The example software architecture 602 may be conceptualized as layers, each providing various functionality. For example, the software architecture 602 may include layers and components such as an operating system (OS) 614, libraries 616, frameworks 618, applications 620, and a presentation layer 644. Operationally, the applications 620 and/or other components within the layers may invoke API calls 624 to other layers and receive corresponding results 626. The layers illustrated are representative in nature and other software architectures may include additional or different layers. For example, some mobile or special purpose operating systems may not provide the frameworks/middl eware 618.

The OS 614 may manage hardware resources and provide common services. The OS 614 may include, for example, a kernel 628, services 630, and drivers 632. The kernel 628 may act as an abstraction layer between the hardware layer 604 and other software layers. For example, the kernel 628 may be responsible for memory management, processor management (for example, scheduling), component management, networking, security settings, and so on. The services 630 may provide other common services for the other software layers. The drivers 632 may be responsible for controlling or interfacing with the underlying hardware layer 604. For instance, the drivers 632 may include display drivers, camera drivers, memory/storage drivers, peripheral device drivers (for example, via Universal Serial Bus (USB)), network and/or wireless communication drivers, audio drivers, and so forth depending on the hardware and/or software configuration.

The libraries 616 may provide a common infrastructure that may be used by the applications 620 and/or other components and/or layers. The libraries 616 typically provide functionality for use by other software modules to perform tasks, rather than rather than interacting directly with the OS 614. The libraries 616 may include system libraries 634 (for example, C standard library) that may provide functions such as memory allocation, string manipulation, file operations. In addition, the libraries 616 may include API libraries 636 such as media libraries (for example, supporting presentation and manipulation of image, sound, and/or video data formats), graphics libraries (for example, an OpenGL library for rendering 2D and 3D graphics on a display), database libraries (for example, SQLite or other relational database functions), and web libraries (for example, WebKit that may provide web browsing functionality). The libraries 616 may also include a wide variety of other libraries 638 to provide many functions for applications 620 and other software modules.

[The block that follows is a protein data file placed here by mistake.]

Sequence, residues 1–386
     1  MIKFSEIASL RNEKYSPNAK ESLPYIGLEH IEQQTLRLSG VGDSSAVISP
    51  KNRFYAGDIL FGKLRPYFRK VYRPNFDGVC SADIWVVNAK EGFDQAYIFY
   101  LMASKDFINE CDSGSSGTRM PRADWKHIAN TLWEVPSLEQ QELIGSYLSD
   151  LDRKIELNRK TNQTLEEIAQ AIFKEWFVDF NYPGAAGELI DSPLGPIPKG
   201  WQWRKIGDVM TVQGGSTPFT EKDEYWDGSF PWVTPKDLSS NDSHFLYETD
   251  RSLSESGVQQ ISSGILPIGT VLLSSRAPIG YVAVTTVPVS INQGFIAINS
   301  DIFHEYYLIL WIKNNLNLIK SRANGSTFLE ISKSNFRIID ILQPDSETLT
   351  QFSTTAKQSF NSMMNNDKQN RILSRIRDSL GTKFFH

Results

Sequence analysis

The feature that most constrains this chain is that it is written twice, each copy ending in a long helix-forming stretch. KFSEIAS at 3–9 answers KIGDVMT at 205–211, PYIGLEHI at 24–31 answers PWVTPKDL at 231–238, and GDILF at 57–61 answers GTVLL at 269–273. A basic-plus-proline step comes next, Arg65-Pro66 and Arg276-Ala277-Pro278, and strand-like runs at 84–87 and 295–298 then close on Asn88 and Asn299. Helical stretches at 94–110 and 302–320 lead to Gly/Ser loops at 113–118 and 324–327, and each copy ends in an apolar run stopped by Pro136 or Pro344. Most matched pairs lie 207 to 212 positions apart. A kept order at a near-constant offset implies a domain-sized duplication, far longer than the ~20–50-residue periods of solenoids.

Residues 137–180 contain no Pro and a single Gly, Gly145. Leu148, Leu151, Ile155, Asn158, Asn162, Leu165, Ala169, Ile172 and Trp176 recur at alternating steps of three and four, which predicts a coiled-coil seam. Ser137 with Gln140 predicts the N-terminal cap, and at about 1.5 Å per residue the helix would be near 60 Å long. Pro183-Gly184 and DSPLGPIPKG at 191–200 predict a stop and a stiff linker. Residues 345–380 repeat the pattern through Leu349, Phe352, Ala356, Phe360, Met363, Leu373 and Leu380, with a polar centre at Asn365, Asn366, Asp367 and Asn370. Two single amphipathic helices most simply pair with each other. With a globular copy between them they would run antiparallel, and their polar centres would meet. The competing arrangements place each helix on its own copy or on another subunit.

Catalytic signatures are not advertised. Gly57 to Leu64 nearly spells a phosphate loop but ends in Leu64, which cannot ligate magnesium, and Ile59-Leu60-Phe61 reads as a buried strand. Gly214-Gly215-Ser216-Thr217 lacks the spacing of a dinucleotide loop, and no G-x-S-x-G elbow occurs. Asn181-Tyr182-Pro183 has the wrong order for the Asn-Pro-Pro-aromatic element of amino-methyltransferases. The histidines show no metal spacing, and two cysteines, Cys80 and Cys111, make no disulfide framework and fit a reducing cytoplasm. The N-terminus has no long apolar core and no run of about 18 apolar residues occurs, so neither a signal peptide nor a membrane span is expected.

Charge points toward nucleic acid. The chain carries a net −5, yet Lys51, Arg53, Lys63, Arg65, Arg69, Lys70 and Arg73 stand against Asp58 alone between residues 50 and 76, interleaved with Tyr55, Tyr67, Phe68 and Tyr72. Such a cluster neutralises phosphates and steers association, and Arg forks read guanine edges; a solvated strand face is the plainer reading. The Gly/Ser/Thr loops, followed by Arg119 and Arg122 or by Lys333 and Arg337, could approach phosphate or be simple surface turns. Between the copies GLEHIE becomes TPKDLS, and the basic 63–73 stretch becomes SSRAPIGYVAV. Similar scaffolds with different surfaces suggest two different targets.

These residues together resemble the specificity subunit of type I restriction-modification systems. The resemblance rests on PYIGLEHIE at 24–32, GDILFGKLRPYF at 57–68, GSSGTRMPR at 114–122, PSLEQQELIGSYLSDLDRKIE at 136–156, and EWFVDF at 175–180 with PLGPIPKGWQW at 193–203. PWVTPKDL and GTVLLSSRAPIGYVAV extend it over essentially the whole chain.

The frameworks 618 (also sometimes referred to as middleware) provide a higher-level common infrastructure that may be used by the applications 620 and/or other software modules. For example, the frameworks 618 may provide various graphic user interface (GUI) functions, high- level resource management, or high-level location services. The frameworks 618 may provide a broad spectrum of other APIs for applications 620 and/or other software modules.